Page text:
• o Public transportation is more filling up the same tank today costs compatible with a lifestyle based $2,300. While gasoline prices often on mobility and peer-to-peer fluctuate, they are unlikely to return connectivity than driving. Bus to the low levels of 1980s or 1990s. and train riders can often talk on According to the U.S. Energy Infor- the phone, text or work safely mation Administration’s projections, while riding, while many state gas prices are expected to increase by governments are outlawing using 26 percent from 2010 to 2020. mobile devices while driving. Currently, 35 states have out- The recession has played a role in re- lawed texting while driving, and ducing the miles driven in America, es- nine states have outlawed hand- pecially by young people. People who are held cell phone use while driving. unemployed or underemployed have diffi- These bans may not be enough culty affording cars, commute to work less to ensure safety—in December frequently if at all, and have less disposable 2011 the National Transportation income to spend on traveling for vacation Safety Board recommended ban- and other entertainment. The trend to- ning cell phone use while driving ward reduced driving, however, has oc- entirely. curred even among young people who are employed and/or are doing well fi-• Changes in driving laws: From 1996 nancially. to 2006, every state enacted Gradu- ated Drivers’ Licensing (GDL) laws. • The average young person (age 16- GDL laws, which are designed to 34) with a job drove 10,700 miles in keep young people safe, also make 2009, compared with 12,800 miles in obtaining a driver’s license more 2001. challenging. Young people must now take more behind-the-wheel train- • From 2001 to 2009, young people ing (which is more expensive), fulfill (16 to 34-years-old) who lived in additional requirements for permits, households with annual incomes of and once they are allowed to drive, over $70,000 increased their use of they are often restricted to driving public transit by 100 percent, biking in the daytime without passengers. by 122 percent, and walking by 37 GDL laws are likely to remain in ef- percent. fect—and continue to be a deterrent to young people to apply for licens- America has long created transportation es—because they have been success- policy under the assumption that driving ful in keeping young drivers safe. will continue to increase at a rapid and steady rate. The changing transportation• Increased fuel prices: Increased fuel preferences of young people—and Ameri- prices have made driving more ex- cans overall—throw that assumption into pensive, reducing the frequency with doubt. Policy-makers and the public which people—especially younger need to be aware that America’s cur- people with less disposable income— rent transportation policy—dominated travel in cars. The average cost for by road building—is fundamentally filling up the tank in 2001 was $1,100 out-of-step with the transportation for the year (in 2011 dollars). With patterns and expressed preferences gasoline prices soaring since then, of growing numbers of Americans. It Executive Summary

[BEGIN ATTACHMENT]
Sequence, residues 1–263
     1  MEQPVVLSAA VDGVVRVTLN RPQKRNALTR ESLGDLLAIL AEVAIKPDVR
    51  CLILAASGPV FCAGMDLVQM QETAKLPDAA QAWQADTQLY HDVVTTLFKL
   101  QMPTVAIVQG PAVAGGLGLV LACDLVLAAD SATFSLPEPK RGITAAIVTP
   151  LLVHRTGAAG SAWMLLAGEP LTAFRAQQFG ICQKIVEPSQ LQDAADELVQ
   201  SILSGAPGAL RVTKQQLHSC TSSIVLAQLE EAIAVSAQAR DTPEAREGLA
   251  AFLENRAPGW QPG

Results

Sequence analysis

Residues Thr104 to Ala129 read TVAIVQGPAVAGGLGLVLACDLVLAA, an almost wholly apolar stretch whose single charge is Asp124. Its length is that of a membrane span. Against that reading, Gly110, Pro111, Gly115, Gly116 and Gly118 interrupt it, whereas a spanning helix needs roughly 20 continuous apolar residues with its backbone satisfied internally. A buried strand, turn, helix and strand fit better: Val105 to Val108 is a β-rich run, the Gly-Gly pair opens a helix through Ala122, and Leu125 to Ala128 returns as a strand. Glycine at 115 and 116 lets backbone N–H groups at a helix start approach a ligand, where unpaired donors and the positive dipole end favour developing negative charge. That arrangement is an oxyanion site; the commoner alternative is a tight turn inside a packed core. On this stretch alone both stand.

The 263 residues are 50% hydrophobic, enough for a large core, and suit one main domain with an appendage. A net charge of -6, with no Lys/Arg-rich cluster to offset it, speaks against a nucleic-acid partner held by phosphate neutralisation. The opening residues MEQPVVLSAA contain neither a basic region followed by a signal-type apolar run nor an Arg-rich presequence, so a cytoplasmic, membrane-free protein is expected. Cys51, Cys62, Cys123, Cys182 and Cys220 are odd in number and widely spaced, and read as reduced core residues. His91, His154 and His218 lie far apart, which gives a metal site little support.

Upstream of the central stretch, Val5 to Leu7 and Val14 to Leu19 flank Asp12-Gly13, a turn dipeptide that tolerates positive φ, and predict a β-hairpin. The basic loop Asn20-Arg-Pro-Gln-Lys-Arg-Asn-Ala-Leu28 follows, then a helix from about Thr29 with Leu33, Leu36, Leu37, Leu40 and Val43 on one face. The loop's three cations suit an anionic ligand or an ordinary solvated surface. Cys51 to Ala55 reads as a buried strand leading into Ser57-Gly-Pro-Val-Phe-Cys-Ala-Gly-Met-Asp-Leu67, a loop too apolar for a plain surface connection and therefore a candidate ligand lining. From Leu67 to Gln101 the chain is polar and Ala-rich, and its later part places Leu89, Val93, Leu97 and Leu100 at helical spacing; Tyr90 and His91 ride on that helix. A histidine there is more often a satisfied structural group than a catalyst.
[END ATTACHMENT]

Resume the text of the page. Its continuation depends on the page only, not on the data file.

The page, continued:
• is time for policy-makers to consider the consider a new vision for transportation implication of changes in driving habits policy that reflects the needs of 21st cen- for the nation’s transportation infrastruc- tury America. ture decisions and funding practices, and  Transportation and the New Generation